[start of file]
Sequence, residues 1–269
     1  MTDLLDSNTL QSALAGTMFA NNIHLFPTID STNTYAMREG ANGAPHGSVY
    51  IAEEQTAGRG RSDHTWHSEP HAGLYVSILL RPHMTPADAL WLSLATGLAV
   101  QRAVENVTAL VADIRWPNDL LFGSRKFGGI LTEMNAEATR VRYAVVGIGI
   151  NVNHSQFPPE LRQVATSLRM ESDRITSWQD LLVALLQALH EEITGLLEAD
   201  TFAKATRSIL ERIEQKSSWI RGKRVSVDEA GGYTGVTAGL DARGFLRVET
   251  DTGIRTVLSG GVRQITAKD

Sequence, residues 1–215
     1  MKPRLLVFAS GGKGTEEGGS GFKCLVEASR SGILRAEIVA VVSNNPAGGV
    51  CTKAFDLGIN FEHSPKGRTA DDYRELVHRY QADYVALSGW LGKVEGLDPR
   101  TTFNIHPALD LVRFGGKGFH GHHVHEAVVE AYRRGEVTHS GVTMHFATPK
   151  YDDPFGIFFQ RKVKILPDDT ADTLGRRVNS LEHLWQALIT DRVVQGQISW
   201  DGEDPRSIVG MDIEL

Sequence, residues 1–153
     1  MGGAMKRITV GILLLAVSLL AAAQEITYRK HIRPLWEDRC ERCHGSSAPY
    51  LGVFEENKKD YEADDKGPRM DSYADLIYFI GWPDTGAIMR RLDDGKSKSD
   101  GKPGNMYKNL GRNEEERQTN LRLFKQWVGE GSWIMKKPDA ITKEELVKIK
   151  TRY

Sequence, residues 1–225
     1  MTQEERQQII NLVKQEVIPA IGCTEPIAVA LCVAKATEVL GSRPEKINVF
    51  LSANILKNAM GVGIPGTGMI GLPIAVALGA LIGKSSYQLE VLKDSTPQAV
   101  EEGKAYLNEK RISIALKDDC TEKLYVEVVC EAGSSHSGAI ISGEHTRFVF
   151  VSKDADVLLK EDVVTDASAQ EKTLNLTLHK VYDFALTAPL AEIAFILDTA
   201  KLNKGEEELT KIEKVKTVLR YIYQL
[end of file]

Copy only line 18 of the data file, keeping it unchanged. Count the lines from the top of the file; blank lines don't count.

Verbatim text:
   151  TRY